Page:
The grid is the key to proper renewable energy expansion. Experts must focus on balancing supply and demand levels during this increase.
Improving the grid through optimization
Improving energy grids around the world isn’t something that can happen overnight. It will take planning, tools and reforms to properly address the needs of the residents and businesses that use renewables like rooftop solar. The aim is stability.
Two key ways to achieve stability is through smart grids and microgrids. Often, the two go together — but for the moment, consider them as separate innovations.
Smart grids use technology from the Internet of Things (IoT) and artificial intelligence (AI) to optimize supply and demand levels. During periods of prolonged sunlight, like what Southern Australia experiences, smart grids can distribute energy to solar panels and slow production automatically if necessary. It provides all this data through IoT sensors that experts can take action from.
Then, microgrids operate on smaller scales than bigger, standard power plants. While solar energy often runs on microgrids, this adaptation should increase. With more grids, PV panels can operate more smoothly. However, on the other hand, bigger grids can distribute energy to more places. Ultimately, it will depend on the needs of the community.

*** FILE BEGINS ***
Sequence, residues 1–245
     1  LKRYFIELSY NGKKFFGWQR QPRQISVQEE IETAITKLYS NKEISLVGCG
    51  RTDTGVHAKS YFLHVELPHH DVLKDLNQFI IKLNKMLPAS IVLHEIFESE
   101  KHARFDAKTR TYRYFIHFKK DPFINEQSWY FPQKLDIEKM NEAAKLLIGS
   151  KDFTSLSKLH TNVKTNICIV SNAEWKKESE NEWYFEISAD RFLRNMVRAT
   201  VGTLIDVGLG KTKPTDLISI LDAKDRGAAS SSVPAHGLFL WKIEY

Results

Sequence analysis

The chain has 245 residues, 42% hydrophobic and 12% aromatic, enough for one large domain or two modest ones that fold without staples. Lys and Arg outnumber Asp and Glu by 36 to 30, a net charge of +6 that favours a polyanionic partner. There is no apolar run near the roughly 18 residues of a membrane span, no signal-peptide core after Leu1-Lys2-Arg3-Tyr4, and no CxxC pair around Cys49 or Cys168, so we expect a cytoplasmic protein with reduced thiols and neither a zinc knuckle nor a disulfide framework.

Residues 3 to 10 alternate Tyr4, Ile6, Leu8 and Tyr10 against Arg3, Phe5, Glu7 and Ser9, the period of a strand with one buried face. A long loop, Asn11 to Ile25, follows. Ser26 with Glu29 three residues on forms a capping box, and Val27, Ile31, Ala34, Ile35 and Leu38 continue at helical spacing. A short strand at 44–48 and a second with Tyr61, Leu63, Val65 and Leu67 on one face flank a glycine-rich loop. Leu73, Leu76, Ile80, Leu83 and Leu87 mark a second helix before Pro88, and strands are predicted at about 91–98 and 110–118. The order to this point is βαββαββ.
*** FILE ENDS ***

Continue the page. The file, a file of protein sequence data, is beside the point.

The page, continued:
Experts can combine smart grids and microgrids to create optimal energy production and distribution. Of course, they’ll need to use environmentally friendly tools and materials, too — like transformers that can withstand heat and flames. Regardless, now is the time to change energy grids to keep renewables expanding.
The bigger picture
Changes to the energy grid are exciting. They promise a better integration of renewable sources, which brings the planet closer to energy sustainability. This movement speaks to the bigger picture — phasing fossil fuels out.
The catch, though, is that industry experts will want to phase out harmful energy sources in a way that is inexpensive, helps the environment and promises future renewable growth. Since solar and wind prices are decreasing, now is the perfect time to make sure the grid keeps up with the speed of renewable growth.
In instances of high production and high demand, renewable energy can then operate smoothly. Residents don’t have to worry about energy companies shutting off their power. They also won’t have to worry about outages due to climate change.
For instance, California residents were having trouble with their solar panels during the 2020 wildfires. The ash covered the panels and disrupted the energy conversion process, and the smog covered the sky, blocking the sun’s rays.
Switching to better grid solutions will help optimize production during times like these while seeking to reduce climate change and its effects.
Expanding the grid
Making changes to the grids for renewable energy sources means bringing them to their fullest potential. It’s what will help residents transition to better, cleaner resources that they can rely on. Depending on the application, these dynamics can be a double-edged sword — more renewables could mean grids can’t hold the distribution.
However, these dynamics can also be a win-win scenario. With better grid optimization, renewable energy sources can flourish and continue to rise to the top.
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Cover image by Matthew Henry.